Tuesday, January 17, 2017

ACA defenders don't need to "learn from" the Tea Party. They beat them in 2009-10

The fight to save the ACA is on, and all across the land, progressive groups large and small are mobilizing the law's supporters to let their senators and reps know the cost of dis-insuring 20 million people -- more, if Republicans block-grant Medicaid and/or collapse the individual market, less if they pass some poorly funded and designed facsimile of the ACA.

In reaction to the 35 "protect our care" rallies staged across the land on Sunday (Jan. 15), I keep seeing sentiments to the effect of  "progressives are learning from the Tea Party."  That's a half-truth at best, in that supporters of the ACA-in-progress fought protestors at least to a draw in 2009-2010 (proponents won in the sense that they got the ACA passed, but they did (briefly) have a 60-vote Senate majority and a large House majority). The ACA would never have got anywhere near the finish line without the most massive grass-roots advocacy ever achieved.

The Tea Party protests against the ACA-in-progress at Town Hall meetings in the long hot summer of 2009 have become part of American political lore. What’s less well known is that progressive groups supporting health reform fought back on the spot, often with equal or superior manpower and local impact. The media preferred the screamers, of course.

There was a massive coordinated effort led by Health Care for American Now (HCAN), an umbrella organization for groups committed to universal healthcare, formed in the runup to the 2008 election. Member groups’ ability to muster supporters provided vital support that kept many representatives and senators committed to passing the bill that became the ACA.

Richard Kirsch, who headed HCAN during the effort to pass the ACA, recounts in his retrospective book Fighting for Our Health incident after incident in which HCAN member groups provided crucial support when it counted.  Here’s one:
SEIU’s North Carolina Director Dana Cope reported that most of the 800 people in attendance at the Durham town hall supported reform. “Congressman Price wouldn’t stop thanking us. It got lots of positive publicity for him. It emboldened him; he had a meeting, and lo and behold, people supported reform! He found out that it’s OK to vote for this – people want it.”
Looking back at the long hot summer, Kirsch cites at length a column by E.J. Dionne written in the immediate aftermath, on Sept. 3, 2009:
Health-care reform is said to be in trouble partly because of those raucous August town-hall meetings in which Democratic members of Congress were besieged by shouters opposed to change.

But what if our media-created impression of the meetings is wrong? What if the highly publicized screamers represented only a fraction of public opinion? What if most of the town halls were populated by citizens who respectfully but firmly expressed a mixture of support, concern and doubt?

There is an overwhelming case that the electronic media went out of their way to cover the noise and ignored the calmer (and from television's point of view "boring") encounters between elected representatives and their constituents.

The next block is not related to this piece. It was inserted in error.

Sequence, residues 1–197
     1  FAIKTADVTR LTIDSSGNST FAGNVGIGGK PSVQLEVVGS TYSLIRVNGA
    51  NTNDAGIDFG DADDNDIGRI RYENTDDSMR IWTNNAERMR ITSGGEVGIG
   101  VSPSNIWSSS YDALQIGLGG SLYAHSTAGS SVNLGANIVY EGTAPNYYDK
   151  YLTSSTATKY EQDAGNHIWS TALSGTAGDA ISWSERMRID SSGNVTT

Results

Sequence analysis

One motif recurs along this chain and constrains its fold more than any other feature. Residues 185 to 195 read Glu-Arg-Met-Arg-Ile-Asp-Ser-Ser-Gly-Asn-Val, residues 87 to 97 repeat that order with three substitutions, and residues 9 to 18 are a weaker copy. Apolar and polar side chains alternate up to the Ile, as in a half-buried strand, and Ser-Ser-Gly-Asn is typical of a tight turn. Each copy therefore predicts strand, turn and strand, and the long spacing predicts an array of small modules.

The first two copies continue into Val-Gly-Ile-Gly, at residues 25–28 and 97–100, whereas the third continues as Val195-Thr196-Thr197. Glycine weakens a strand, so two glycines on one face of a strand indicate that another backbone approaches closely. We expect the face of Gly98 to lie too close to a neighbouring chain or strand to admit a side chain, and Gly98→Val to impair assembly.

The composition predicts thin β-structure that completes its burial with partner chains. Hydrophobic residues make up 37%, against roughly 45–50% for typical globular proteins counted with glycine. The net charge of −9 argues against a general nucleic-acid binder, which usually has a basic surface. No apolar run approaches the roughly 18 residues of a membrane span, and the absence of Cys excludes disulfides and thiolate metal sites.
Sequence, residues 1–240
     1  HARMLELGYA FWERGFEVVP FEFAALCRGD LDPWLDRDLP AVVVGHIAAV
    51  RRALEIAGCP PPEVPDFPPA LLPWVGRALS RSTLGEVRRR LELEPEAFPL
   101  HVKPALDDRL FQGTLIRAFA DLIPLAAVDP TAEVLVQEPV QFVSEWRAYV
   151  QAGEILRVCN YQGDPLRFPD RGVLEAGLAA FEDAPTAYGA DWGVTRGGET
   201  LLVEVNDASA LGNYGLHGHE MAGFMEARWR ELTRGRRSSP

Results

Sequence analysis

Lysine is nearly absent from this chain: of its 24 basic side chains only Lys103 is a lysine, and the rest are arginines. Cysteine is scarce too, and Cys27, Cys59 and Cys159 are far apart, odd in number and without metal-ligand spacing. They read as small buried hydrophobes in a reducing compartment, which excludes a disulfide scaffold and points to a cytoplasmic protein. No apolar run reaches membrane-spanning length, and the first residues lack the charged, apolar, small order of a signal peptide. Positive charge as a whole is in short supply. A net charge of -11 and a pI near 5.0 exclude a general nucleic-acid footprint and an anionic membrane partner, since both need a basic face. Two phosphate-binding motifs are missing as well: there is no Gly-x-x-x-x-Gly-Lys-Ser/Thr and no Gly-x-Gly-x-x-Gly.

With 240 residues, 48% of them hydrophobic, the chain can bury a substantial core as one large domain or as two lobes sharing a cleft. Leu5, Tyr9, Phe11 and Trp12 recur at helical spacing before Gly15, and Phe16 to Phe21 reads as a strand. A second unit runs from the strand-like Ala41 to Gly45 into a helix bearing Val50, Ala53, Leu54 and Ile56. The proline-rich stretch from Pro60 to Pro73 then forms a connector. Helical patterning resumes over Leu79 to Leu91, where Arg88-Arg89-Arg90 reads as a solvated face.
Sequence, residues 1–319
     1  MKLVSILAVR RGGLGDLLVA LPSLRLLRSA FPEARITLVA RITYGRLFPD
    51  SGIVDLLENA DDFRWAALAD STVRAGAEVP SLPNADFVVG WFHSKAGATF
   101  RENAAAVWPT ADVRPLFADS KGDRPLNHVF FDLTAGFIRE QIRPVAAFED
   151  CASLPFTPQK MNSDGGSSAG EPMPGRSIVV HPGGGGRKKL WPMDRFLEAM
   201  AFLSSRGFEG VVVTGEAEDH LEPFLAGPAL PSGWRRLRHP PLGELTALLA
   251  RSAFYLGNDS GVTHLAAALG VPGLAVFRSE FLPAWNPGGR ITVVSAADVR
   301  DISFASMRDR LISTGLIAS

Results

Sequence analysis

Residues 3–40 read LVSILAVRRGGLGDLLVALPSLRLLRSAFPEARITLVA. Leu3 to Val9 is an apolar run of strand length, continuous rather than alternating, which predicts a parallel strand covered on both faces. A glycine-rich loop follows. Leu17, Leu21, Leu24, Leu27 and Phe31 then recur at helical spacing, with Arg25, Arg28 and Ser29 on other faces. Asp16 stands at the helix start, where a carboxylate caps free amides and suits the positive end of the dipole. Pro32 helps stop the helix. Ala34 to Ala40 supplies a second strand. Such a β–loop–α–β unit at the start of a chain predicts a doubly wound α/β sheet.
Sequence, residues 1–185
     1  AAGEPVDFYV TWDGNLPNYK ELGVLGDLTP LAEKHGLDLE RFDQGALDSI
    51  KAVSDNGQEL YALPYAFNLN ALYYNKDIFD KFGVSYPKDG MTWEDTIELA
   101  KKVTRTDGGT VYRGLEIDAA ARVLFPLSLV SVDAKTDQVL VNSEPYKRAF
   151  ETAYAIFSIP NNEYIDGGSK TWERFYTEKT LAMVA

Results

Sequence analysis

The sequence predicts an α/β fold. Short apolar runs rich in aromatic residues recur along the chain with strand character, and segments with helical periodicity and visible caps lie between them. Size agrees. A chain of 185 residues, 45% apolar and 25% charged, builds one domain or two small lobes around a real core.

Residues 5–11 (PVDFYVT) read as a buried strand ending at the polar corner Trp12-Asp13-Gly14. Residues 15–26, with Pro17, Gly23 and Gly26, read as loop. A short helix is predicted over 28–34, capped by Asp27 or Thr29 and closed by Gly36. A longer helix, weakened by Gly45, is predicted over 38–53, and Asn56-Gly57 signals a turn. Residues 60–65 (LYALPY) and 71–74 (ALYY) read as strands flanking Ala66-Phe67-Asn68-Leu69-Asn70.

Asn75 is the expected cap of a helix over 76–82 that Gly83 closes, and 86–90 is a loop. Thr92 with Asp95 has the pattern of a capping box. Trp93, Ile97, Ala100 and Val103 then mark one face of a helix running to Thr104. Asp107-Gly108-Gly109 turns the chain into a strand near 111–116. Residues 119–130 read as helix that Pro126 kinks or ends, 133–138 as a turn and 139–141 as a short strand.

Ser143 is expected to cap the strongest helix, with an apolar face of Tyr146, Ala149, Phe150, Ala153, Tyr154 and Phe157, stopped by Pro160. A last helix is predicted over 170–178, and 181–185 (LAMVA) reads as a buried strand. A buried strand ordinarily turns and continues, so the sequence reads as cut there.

In the home stretch, when Democrats having passed the Senate bill, lost their filibuster-proof Senate majority and so could only incorporate the House's input (and necessary fixes) via budget reconciliation, HCAN kept up the pressure rep by rep:
The HCAN coalition in Colorado, along with Markey’s supporters in the Democratic Party, continued to keep up the pressure on the Congresswoman. Publicly, we delivered our message fairly gently: we are disappointed in you and next time we expect you do the right thing. Privately, key labor unions told her that their continued support would turn on how she voted on the final bill. Before New Year’s Eve, constituents with personal stories about health care delivered waves of handwritten holiday cards to her Colorado offices. In January, they started a weekly program called “Markey Monday,” so that she’d be guaranteed to get a large volume of calls in support of reform at least once a week. As the end neared, Markey was telling people privately that she would vote for the bill, but she still hadn’t made a public statement.

On March 17, HCAN organized a big rally at Markey’s Fort Collins office. As Tricia Smith, the woman who had to live with horrifying pain for eight years before she qualified for Medicare, told me, “We marched down the street to Markey’s office. As we were headed south we saw people with signs heading north to the office and we thought uh-oh, here comes the tea partiers. But it was another group supporting reform. Markey’s staff brought in a few of us to talk with them. The phones were ringing constantly when we were in there with calls calling for support of health care. The next day she came out in support of the bill."
HCAN was disbanded after the ACA passed. I've been told it's being reconstituted (checking on this). In the meantime, national groups like Families USA, the SEIU and other major unions,  the UHCAN umbrella group, and local groups like BlueWaveNJ (with which I've saddled up) are deploying the same techniques. Progressives know how to do this.

* In discussion of Kirsch's book I'm self-plagiarizing a bit from my Jan. 11 post 6 Ways You Can Resist Inst-Repeal of Obamacare over at healthinsurance.org

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